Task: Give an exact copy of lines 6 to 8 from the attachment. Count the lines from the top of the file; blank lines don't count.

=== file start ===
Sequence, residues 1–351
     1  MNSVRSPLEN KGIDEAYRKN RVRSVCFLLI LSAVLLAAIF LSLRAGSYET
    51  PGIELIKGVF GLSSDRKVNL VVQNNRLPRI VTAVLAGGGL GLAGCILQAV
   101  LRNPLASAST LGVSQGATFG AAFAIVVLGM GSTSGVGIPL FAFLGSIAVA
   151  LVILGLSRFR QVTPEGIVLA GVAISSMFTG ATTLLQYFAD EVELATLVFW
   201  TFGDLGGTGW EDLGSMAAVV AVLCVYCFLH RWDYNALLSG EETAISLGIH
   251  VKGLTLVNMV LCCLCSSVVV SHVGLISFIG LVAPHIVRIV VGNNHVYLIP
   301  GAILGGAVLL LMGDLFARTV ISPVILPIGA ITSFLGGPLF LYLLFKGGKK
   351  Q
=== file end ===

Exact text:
   201  TFGDLGGTGW EDLGSMAAVV AVLCVYCFLH RWDYNALLSG EETAISLGIH
   251  VKGLTLVNMV LCCLCSSVVV SHVGLISFIG LVAPHIVRIV VGNNHVYLIP
   301  GAILGGAVLL LMGDLFARTV ISPVILPIGA ITSFLGGPLF LYLLFKGGKK